I was up in Cape Cod this weekend for my grandfather's unveiling. This is a traditional Jewish ceremony – one year, roughly, after someone is buried, people gather at the gravesite, to 'unveil' the gravestone. Jews don't really embalm – it's against traditions. As a result, funerals happen days after death, and a lot of people can't be there. This serves as both commemoration and second chance for people who couldn't make it the first time.
Admittedly, this blog isn't the best place to commemorate my grandfather. But right now, it's the only blog I've got, so I'm going to say a few words.
I don't come from a family of athletes. Ahb, though, was a pretty active guy. He was a runner in high school. I wish now that I knew more about it. Back when he told me that he'd run track, it was before I knew what any of the times or distances meant. All I know is that it would have been sometime in the 30s. Back in the day. In Brooklyn, no less. He went to NC State for college. I want to say that he ran track at NC State, but I really have no idea if that's the case or not.
What I can say is that he was an active guy in his later years. His mind went out well before his body did. He was always fit, kept his weight steady, and kept moving.
Sometime early on in his life, he started doing 50 push-ups a day when he woke up in the morning. (Push-ups; he was old-skool like that). As he got older, he started doing less. It wasn't because he couldn't handle it anymore, though. He just decided it was unseemly for a man his age to be doing so many. So he started ramping it down, doing one less per year, starting (I believe) when he was 75.
He moved up to Cape Cod in the mid-70s. For most of that time, he had an office around a half-mile from his house. He'd walk there in the morning to start working, walk home for lunch, and then go through the whole thing again in the afternoon. When Melissa and I would visit, he'd go walking with us along the Cape. We'd tire as quickly as he would. His walking developed a bit of a limp towards the end, because of an arthritic knee. It didn’t slow much, though, even with the limp.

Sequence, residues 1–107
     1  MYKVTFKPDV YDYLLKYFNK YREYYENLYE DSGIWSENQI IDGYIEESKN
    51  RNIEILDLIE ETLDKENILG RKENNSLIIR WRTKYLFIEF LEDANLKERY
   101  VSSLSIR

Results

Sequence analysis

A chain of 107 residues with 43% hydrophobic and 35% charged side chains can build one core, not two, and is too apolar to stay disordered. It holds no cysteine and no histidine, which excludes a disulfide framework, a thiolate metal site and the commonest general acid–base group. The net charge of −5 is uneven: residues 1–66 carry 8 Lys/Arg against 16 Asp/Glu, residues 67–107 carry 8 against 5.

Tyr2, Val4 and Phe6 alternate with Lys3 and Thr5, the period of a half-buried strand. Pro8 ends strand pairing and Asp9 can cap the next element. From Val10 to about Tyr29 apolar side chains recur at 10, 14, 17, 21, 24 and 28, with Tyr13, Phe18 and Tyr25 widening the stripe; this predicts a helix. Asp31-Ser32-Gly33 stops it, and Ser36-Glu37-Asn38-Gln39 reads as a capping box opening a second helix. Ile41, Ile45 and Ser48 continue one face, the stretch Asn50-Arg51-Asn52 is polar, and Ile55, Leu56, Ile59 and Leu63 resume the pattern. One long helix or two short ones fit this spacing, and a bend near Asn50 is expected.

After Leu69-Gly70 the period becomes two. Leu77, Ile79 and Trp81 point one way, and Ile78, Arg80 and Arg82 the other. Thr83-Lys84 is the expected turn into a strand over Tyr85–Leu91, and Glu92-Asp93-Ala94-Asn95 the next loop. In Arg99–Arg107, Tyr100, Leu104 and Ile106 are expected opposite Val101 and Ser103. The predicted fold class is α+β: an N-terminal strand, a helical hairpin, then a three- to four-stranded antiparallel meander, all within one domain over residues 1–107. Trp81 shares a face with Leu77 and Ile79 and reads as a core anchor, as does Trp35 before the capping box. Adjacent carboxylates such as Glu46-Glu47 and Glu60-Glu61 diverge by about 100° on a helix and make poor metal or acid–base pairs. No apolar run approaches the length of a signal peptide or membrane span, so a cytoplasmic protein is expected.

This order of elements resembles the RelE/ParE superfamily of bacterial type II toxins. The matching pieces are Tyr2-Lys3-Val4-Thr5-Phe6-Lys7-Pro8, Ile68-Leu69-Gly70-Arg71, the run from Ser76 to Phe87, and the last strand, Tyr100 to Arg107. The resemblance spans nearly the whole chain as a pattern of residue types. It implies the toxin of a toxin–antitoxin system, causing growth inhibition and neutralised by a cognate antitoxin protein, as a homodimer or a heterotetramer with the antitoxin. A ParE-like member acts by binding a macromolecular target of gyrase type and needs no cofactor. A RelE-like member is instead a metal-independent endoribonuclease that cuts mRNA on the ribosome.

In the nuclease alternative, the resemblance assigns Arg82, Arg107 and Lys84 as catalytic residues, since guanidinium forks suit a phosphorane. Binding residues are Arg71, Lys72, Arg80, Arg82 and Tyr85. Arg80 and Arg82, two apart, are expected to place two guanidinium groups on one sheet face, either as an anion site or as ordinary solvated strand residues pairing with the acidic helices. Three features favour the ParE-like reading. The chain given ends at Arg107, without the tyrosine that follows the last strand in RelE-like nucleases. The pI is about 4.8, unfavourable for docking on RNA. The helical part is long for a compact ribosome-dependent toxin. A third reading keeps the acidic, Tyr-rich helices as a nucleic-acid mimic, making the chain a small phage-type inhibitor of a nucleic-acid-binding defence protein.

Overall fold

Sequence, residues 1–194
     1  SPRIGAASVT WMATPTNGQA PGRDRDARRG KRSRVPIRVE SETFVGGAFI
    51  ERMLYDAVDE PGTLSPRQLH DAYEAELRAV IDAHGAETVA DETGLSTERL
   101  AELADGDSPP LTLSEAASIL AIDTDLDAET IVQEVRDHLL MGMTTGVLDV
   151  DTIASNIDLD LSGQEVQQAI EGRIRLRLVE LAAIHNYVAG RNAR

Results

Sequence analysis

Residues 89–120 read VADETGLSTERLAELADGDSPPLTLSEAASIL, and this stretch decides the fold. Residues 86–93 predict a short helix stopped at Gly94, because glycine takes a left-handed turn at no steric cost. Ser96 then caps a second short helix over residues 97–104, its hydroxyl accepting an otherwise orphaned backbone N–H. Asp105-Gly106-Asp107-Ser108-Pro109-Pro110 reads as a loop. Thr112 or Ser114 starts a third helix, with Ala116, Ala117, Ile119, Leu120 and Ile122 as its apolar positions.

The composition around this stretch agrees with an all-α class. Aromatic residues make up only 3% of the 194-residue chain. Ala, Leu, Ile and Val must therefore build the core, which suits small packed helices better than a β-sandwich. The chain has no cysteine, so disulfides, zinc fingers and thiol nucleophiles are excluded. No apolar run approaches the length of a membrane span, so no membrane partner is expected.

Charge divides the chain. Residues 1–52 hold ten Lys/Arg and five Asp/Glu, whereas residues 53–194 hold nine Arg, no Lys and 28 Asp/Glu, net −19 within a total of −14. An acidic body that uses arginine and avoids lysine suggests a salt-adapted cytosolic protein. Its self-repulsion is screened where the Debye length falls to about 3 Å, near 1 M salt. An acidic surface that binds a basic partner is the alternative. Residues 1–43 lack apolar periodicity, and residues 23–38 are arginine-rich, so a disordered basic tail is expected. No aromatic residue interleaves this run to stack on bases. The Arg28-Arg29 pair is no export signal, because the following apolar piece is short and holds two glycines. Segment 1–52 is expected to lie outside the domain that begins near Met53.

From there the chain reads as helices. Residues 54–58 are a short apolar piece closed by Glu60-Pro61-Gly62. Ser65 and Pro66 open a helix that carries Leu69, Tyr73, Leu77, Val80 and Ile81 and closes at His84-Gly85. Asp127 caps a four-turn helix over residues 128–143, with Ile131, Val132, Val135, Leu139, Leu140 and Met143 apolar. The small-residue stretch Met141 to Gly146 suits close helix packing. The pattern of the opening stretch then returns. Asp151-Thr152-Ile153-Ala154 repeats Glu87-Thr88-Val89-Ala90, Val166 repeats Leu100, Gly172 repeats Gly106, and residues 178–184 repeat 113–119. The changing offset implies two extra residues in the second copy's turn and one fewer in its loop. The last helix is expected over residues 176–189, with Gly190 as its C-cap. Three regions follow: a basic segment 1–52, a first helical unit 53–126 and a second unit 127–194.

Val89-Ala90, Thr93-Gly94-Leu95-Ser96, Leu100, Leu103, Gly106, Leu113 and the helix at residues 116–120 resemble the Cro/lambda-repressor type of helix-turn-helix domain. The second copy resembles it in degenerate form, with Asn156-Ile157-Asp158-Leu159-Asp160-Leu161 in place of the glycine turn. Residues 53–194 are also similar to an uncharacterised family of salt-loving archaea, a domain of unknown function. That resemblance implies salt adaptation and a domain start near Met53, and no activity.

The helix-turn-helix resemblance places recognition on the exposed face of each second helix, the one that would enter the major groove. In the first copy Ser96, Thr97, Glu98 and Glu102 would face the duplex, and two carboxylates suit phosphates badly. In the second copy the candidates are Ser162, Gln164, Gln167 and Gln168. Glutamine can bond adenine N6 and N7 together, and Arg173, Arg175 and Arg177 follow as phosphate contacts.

I'm not sure when he stopped doing the push-ups. At some point, he'd have forgotten how old he was. He forgot most stuff. That's how it goes.
When we first put him in an assisted living facility it was hard on him. He was 87 when we put him in, but even then, the facility just wasn't meant for someone as active and energetic as he was. It didn't have room for him to roam like he was used to. There was a door to an outside courtyard that they kept locked; somehow, he knew that. He didn’t remember much, but he remembered that they kept that door locked.
I don't know if being cooped up hastened his death or not. He died of pneumonia, which wasn't what any of us were expecting. But his system was weak enough by that point that anything could be fatal. That part’s true for most people in their late 80s, though, dementia or not.
There aren’t a lot of happy endings with Alzheimer stories, and there isn’t one here, either. The last time I saw him before he died, he didn’t know who I was. It’s funny, though - he still managed to be as cheerful and charming as he’d ever been.